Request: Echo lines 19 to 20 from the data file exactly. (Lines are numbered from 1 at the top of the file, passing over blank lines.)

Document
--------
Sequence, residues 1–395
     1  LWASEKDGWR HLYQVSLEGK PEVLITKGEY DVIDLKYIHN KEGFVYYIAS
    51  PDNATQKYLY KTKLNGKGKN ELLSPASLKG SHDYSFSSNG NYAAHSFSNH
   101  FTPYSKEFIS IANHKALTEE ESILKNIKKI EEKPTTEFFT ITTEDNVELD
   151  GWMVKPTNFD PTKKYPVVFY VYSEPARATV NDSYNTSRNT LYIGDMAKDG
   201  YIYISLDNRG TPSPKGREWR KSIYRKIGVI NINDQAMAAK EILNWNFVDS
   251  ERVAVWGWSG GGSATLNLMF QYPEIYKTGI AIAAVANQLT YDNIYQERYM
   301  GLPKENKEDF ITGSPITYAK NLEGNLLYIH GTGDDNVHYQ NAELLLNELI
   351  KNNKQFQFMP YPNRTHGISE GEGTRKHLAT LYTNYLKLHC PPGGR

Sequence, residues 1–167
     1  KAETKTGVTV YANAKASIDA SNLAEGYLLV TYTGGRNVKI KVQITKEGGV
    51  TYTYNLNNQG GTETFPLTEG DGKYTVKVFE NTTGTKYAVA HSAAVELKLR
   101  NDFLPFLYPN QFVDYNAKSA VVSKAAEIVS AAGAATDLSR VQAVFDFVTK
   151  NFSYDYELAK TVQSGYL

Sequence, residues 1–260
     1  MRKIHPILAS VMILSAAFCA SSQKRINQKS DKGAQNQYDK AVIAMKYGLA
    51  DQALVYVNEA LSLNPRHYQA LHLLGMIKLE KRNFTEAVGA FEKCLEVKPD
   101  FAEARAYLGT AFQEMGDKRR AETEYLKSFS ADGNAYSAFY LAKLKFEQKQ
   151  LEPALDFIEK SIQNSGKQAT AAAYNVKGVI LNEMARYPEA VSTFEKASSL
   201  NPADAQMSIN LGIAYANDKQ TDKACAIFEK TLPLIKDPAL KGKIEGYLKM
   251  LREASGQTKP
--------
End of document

   151  LEPALDFIEK SIQNSGKQAT AAAYNVKGVI LNEMARYPEA VSTFEKASSL
   201  NPADAQMSIN LGIAYANDKQ TDKACAIFEK TLPLIKDPAL KGKIEGYLKM